ROCKFORD, Ill. – A quick glimpse at the current American Hockey League standings reveals a few things. For one, the Central Division playoff race is tight. Like “three teams playing musical chairs with their rank on the ladder every single night” kind of tight. But look closer, and you’ll notice that the Rockford IceHogs are hastily picking up steam, and at just the right time to do so.
With points in eight of their last nine outings and a record of 9-3-1-1 since Feb. 18, the IceHogs have rediscovered their early-season form to put themselves in a strong position to earn one of the four available Calder Cup playoff berths in the Central Division. And though they remain mired in a back-and-forth race with the Iowa Wild and Grand Rapids Griffins, Head Coach Jeremy Colliton knows his team is up for the challenge of separating from the pack in the team’s final regular season games.
“They’re playing hard, competing hard. It’s big games every night, playing teams we’re fighting with for playoff position,” said Colliton, prior to this past weekend’s split with Milwaukee and Chicago, “We say it before every game, this is fun, this is why you play through what sometimes feels like a grind earlier in the year so that we can be in these types of games. It’s tough and there’s a price to be paid to win, but it’s worth it in the end.”
Rookies have carried this year’s IceHogs team for much of the season. A total of 11 different first-year skaters have suited up for Rockford, and five have notched 10 or more goals. And according to Colliton, the drive for a playoff berth could further spur their personal growth.
“I think for the development of our young players, it’s really important that we’re in a battle right to the end. That’s a great development opportunity, no matter how big your role is, just to be around it and start to understand what it takes to be a winner and have success in big situations. Playoff-wise, same thing. What an experience it could be to get this group in and go as far as we can go. I think that makes you stronger in the end, and then hopefully when you do get that chance at the NHL level, you’re a little bit more battle-hardened,” he said.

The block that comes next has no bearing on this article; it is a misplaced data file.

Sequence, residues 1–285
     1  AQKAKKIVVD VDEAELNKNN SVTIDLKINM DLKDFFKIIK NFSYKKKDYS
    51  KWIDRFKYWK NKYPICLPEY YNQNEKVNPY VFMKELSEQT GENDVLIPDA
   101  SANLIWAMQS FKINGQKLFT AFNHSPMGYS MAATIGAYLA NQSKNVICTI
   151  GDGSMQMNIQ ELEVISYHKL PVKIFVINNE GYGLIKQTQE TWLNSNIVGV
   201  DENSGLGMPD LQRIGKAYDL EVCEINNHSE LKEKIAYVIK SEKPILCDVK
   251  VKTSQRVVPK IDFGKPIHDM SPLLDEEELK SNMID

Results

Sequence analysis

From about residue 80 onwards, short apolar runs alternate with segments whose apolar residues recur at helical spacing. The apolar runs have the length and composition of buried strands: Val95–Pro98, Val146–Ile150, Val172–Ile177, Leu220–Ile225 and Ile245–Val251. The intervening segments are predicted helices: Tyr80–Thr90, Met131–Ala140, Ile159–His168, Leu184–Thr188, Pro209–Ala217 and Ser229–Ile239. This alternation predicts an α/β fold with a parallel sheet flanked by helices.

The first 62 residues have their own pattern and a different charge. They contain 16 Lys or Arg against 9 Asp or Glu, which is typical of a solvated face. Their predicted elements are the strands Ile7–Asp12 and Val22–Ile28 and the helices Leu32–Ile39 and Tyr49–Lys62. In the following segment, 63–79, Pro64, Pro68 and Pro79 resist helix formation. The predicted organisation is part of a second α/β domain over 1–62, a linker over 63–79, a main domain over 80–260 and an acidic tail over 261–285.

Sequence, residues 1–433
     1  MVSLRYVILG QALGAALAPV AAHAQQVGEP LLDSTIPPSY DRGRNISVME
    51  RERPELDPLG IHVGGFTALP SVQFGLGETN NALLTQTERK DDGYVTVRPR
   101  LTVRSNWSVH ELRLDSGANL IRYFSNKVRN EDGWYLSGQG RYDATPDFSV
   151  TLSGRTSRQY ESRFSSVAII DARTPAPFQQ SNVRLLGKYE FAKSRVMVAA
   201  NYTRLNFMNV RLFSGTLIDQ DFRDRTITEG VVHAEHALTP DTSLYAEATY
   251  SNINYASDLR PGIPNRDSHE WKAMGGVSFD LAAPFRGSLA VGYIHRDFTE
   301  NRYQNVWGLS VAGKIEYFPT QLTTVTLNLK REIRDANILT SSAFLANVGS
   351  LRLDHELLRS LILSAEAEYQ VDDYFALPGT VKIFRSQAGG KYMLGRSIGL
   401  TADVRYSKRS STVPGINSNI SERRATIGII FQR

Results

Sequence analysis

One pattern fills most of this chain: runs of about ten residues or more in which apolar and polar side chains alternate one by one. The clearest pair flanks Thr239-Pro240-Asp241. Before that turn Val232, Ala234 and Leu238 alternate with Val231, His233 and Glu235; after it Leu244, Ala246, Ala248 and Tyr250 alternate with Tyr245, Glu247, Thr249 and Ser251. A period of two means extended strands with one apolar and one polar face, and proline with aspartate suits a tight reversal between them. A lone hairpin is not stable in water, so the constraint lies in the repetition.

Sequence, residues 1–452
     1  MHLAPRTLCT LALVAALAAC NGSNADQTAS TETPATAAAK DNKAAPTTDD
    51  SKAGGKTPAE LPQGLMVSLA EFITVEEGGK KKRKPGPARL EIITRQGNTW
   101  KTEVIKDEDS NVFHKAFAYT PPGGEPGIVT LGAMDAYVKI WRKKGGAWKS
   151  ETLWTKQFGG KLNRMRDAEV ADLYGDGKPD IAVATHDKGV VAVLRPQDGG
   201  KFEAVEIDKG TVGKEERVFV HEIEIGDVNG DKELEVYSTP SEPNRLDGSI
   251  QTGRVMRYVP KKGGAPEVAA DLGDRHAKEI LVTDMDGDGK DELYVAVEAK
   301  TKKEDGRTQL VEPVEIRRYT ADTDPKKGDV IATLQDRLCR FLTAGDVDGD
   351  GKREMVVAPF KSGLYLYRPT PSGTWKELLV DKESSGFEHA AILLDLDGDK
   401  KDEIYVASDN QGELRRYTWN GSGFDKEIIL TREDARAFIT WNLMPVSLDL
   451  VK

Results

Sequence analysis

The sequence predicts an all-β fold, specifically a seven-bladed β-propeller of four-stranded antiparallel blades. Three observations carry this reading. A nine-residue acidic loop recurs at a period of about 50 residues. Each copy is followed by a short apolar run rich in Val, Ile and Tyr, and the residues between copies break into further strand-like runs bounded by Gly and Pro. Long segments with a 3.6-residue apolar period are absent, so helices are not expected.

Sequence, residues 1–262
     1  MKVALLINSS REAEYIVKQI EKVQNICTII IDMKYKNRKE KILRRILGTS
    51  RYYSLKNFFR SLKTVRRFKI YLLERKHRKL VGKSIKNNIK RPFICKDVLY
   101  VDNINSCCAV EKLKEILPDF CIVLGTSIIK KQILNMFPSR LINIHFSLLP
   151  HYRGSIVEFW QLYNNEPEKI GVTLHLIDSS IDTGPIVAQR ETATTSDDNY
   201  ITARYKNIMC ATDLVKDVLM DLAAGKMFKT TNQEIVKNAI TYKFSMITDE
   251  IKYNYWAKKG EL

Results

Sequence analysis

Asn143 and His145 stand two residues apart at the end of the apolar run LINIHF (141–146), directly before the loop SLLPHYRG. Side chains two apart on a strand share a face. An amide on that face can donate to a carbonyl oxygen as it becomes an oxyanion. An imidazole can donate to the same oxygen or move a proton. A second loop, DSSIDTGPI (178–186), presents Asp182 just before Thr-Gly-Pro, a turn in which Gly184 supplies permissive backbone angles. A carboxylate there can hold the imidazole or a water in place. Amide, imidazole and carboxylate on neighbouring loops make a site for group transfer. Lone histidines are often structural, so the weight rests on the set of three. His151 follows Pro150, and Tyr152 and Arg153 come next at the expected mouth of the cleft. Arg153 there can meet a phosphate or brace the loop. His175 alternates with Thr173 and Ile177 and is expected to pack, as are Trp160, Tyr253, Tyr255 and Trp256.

Despite their youth, many of those rookies, such as defenseman Darren Raddysh, are no strangers to the intensity of playoff atmospheres. The former Erie Otters standout totaled 57 postseason appearances with his junior club and helped the Otters to an Ontario Hockey League championship in 2016-17.
With his sights now set on earning his first trip to a professional postseason, Raddysh says he and his teammates are loose and ready to work as their 76-game slate winds down.
“All the guys are pretty happy coming to the rink every day. All of these games really mean something, so getting up for the games and practices has been really fun,” he said, “We’re just riding the momentum. We got a couple big wins a couple weeks ago and we’ve just been riding that lately.”
But even with the energy provided by the youth movement in the Forest City, Rockford has relied on veterans to help right the ship when things haven’t gone according to plan. Reinforcements from the Chicago Blackhawks like Cody Franson and Lance Bouma have provided welcome guidance over the last several weeks to the blue line and attacking corps, respectively, while AHL veterans like Jeff Glass and Viktor Svedberg continue to provide valuable leadership and expertise in navigating the season at this level.
Svedberg, one of four current IceHogs players to have partaken in the team’s last Calder Cup playoff appearance in 2015, is excited about the prospect of having another crack at the AHL’s top prize.
“This time of year is the most fun to play hockey. You always want to end up in the playoffs, and I think we’ve got some games left to show that we really want to be in,” he said.
In goal, the veteran Glass – a 13-year professional with 48 games of playoff experience across his time in juniors and overseas in the Kontinental Hockey League – is looking to make his AHL playoff debut this season, and believes the Hogs can make the most of any chance they earn.
“Playoffs are the best time of the year and I’ve never made playoffs at this level, so that’s my major focus, that’s what’s pushing me right now through these practices and these games. Once we get there, I think anything can happen,” he said.
Uncertainty will likely reign for the remainder of the season regarding Rockford’s playoff pedigree, but Glass knows that getting on a roll at the right time is key to success.